Vulvovaginal Candidiasis is a common condition among sexually active young adult females. Candida glabrata is the commonest species to be associated with the vulvovaginal candidiasis in our study. E-strip method for determination of MIC against commonly used antifungal agents is an alternative and simple method. Highest resistance to itraconazole, while least with voriconazole was noted in almost all the species of Candida. The main purpose of this study is to highlight the incidence of VVC among sexually active females of reproductive age group as its recurrence may result into obstetric complications and even infertility. Moreover, this study also enlightens the common Candida species associated with VVC and their antifungal profile of commonly used antifungal agents, thus would help the treating clinicians to formulate and select the most effective local antifungal treatment policy for VVC.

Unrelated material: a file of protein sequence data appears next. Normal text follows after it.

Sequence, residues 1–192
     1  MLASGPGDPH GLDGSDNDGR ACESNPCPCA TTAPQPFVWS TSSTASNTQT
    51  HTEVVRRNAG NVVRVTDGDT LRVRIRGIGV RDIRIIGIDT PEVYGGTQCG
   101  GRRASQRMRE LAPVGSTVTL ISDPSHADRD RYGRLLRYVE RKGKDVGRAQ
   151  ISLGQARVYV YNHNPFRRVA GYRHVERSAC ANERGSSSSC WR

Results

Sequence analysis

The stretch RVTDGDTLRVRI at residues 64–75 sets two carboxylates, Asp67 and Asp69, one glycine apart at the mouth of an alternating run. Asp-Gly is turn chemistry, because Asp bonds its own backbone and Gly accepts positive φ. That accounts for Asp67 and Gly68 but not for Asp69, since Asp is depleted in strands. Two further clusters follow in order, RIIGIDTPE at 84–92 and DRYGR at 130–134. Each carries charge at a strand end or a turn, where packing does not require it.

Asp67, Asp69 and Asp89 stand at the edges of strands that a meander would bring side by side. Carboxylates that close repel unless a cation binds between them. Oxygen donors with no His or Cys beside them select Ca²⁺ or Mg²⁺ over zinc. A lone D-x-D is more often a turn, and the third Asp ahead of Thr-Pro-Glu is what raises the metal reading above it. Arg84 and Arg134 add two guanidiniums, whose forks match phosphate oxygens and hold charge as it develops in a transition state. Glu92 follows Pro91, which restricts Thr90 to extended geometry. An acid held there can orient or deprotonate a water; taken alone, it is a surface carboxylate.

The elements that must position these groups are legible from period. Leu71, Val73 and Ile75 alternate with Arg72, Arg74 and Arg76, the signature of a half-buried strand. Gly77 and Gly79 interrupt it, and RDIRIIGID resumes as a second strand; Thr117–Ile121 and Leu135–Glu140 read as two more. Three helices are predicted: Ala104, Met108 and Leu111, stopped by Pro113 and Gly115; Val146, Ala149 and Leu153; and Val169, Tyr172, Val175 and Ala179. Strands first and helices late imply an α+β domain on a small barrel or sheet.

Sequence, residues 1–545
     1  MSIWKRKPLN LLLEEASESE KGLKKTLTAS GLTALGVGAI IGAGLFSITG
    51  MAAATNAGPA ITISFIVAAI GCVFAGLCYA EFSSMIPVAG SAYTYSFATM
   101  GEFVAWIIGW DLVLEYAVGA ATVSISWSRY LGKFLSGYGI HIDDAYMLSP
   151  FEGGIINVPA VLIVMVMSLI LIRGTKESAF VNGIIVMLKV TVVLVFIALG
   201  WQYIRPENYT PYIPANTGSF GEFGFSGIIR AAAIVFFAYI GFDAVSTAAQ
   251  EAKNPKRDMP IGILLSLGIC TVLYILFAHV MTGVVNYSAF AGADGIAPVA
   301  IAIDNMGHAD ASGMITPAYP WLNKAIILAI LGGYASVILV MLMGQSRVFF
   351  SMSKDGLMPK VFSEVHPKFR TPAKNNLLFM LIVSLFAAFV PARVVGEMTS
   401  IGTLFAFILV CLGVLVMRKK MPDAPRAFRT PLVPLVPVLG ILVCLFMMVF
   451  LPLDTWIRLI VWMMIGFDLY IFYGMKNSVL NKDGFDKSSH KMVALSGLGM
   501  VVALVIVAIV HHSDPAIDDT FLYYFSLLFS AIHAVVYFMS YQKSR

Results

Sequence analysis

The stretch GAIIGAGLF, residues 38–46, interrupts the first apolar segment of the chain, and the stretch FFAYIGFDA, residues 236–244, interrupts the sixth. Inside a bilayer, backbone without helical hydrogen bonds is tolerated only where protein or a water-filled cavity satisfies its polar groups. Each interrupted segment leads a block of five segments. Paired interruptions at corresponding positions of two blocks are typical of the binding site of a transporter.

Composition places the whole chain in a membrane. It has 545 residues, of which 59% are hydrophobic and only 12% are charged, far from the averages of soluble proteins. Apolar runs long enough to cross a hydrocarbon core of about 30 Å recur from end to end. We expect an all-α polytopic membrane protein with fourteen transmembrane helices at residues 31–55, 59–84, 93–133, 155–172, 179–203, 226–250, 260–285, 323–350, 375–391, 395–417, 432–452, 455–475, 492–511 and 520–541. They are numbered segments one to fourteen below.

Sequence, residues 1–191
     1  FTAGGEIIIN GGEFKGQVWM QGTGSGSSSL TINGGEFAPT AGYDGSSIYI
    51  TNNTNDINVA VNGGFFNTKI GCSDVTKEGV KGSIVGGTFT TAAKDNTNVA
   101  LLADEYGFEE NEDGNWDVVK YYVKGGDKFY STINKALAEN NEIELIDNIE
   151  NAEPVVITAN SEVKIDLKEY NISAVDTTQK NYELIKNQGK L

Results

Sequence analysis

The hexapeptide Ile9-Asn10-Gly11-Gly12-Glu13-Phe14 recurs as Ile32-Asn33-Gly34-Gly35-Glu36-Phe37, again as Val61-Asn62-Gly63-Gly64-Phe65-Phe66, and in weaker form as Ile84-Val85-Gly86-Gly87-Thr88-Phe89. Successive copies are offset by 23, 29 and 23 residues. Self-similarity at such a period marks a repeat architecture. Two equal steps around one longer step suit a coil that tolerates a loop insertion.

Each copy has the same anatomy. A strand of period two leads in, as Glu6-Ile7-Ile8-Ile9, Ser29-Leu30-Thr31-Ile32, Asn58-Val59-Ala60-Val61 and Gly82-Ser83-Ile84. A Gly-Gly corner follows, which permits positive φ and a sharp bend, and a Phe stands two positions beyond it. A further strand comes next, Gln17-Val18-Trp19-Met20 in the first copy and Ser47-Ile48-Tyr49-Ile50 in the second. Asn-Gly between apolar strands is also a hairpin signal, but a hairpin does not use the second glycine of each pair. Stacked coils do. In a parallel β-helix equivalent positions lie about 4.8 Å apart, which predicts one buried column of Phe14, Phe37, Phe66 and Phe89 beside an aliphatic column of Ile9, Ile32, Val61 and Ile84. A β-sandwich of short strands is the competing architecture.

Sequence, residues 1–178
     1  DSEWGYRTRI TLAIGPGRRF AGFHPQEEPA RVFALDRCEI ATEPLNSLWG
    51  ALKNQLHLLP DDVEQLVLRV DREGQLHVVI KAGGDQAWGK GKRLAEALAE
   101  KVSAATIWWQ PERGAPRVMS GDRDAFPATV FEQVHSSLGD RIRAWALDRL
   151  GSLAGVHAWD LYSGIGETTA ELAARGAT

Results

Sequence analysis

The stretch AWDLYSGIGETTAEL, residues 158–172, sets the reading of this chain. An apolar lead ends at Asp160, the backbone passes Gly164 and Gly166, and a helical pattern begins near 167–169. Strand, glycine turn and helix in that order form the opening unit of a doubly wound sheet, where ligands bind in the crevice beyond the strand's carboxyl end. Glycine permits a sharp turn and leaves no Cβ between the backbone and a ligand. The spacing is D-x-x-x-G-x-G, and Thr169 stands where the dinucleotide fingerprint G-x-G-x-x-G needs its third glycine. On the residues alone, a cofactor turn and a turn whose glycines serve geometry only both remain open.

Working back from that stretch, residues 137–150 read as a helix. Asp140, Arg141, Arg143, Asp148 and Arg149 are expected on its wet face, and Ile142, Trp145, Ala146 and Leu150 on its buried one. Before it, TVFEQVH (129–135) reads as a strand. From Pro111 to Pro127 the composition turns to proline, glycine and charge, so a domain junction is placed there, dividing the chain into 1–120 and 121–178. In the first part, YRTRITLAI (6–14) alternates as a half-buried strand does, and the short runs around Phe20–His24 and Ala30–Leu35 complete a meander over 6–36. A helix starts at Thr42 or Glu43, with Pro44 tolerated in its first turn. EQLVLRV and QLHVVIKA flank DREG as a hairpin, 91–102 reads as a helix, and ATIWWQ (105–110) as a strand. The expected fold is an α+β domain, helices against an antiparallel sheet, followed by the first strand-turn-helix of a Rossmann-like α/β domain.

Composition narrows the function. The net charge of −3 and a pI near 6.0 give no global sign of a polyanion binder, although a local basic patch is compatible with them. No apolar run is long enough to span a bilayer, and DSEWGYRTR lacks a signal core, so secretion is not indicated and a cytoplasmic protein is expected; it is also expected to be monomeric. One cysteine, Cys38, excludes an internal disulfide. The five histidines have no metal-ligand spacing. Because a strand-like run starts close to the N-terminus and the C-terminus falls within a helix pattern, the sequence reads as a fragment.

The major limitations of this study are firstly, the small sample size, and thus the result cannot reflect the actual burden of the disease in the community. Secondly, in-vivo testing for various antifungal agents were not done to rule out any possible patient to patient variation.

Financial support and sponsorship

Nil.

Conflicts of interest

There are no conflicts of interest.



 
  References Top

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Masand DL, Patel J, Gupta S. Utility of microbiological profile of symptomatic vaginal discharge in rural women of reproductive age group. J Clin Diagn Res 2015;9:QC04-7.  Back to cited text no. 8
    
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    Figures

  [Figure 1], [Figure 2], [Figure 3], [Figure 4], [Figure 5], [Figure 6]
 
 
    Tables

  [Table 1], [Table 2], [Table 3]